January tax collections ahead of estimates

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By Phil Kabler
The Charleston Gazette

CHARLESTON, W.Va. -- In January, for the first time in the 2013-14 budget year, state tax collections came in ahead of estimates, state officials said Monday.

Collections of $391.71 million were $8.42 million ahead of projections for the month, Deputy Revenue Secretary Mark Muchow said.

Most of that upturn was the result of timing, with $15 million of taxes due Dec. 31 being posted as January revenue, he said.

Total budget year revenue collections of nearly $2.3 billion are still running $73 million behind projections, and 1.1 percent below the same point in 2013, according to Muchow.

"We still have a negative revenue growth trend year-to-date overall," he said.

A month ago, tax collections were running $81.5 million below estimates for the fiscal year, which ends June 30.

The two largest tax sources, personal income taxes and consumer sales taxes, are still lagging, falling a combined $75.8 million below estimates for the budget year, Muchow said.

"Everything else put together is pretty close to being on estimate," Muchow said of all other state taxes.

Revenue Secretary Bob Kiss said Monday the January revenue figures show the state economy is improving -- but still isn't where it needs to be.

"It's probably a little bit better than what my thoughts were last month, but we still haven't turned the curve we keep hoping to turn," Kiss said.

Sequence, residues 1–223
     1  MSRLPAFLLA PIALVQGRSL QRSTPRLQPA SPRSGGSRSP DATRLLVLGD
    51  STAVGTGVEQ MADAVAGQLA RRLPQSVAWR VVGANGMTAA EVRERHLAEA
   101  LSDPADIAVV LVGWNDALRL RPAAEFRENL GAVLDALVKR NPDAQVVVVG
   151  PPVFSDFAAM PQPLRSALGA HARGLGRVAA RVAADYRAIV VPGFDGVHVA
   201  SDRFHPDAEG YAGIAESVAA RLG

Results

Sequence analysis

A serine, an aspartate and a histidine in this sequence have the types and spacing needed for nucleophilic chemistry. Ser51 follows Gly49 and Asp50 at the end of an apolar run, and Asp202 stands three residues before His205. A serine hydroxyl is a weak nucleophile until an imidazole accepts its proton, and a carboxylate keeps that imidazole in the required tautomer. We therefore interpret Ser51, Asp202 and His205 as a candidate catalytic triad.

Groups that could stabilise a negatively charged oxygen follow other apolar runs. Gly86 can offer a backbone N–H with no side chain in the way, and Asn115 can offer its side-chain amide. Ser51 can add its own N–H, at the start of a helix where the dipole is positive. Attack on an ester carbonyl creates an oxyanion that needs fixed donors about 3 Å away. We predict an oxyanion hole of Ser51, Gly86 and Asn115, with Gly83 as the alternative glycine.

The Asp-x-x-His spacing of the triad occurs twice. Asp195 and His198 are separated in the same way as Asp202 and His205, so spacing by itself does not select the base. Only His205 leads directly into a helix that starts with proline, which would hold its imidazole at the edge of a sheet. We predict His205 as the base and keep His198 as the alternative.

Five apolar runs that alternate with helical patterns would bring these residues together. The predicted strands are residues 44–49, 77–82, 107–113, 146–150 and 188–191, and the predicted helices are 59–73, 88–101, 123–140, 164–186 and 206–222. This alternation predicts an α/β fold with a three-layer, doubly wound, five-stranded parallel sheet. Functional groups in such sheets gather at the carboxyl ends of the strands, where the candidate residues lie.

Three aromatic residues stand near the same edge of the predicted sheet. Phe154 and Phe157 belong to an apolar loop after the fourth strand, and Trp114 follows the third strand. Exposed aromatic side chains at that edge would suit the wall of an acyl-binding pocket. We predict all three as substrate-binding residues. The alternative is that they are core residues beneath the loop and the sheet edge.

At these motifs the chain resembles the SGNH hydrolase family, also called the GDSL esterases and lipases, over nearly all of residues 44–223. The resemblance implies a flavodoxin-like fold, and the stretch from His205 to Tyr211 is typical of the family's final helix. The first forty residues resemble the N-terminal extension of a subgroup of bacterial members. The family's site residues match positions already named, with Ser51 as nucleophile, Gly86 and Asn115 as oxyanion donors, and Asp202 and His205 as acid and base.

Sales taxes for January came in at $130.3 million, $2.3 million below projections.

Because the January tax receipts are based on December retail sales, Muchow said that figure reflects a weak Christmas shopping season statewide and nationally.

"Christmas activity was a little on the disappointing side," he said. "I think that's reflected in these numbers -- sales were pretty flat."

A 2011 tax credit on hybrid or alternative-fuel vehicles continues to hurt collections of the personal income tax, Muchow said.

The credit -- which was repealed, effective last April 14 -- is expected, ultimately, to cost the state $100 million in income tax payments and continues to cost about $200,000 a month in lost revenue, he said.

There should be about $22 million of the tax credits that will carry over into this year, and Kiss said an unknown figure is how many taxpayers will take first-time alternative-fuel vehicle credits for cars they purchased in April 2013 when they file their 2013 state income tax returns between now and April 15.

Meanwhile, the third-largest tax source -- severance taxes -- came in right on estimate at $33.9 million, and is 28 percent higher than January 2013. Muchow said that's an indication of natural gas sales offsetting a downturn in coal production.

Kiss said the department is continuing to monitor revenue collections to determine if additional spending cuts will be needed before the budget year ends June 30.

"We're going to continue to monitor it, as we're doing for every month this year," he said.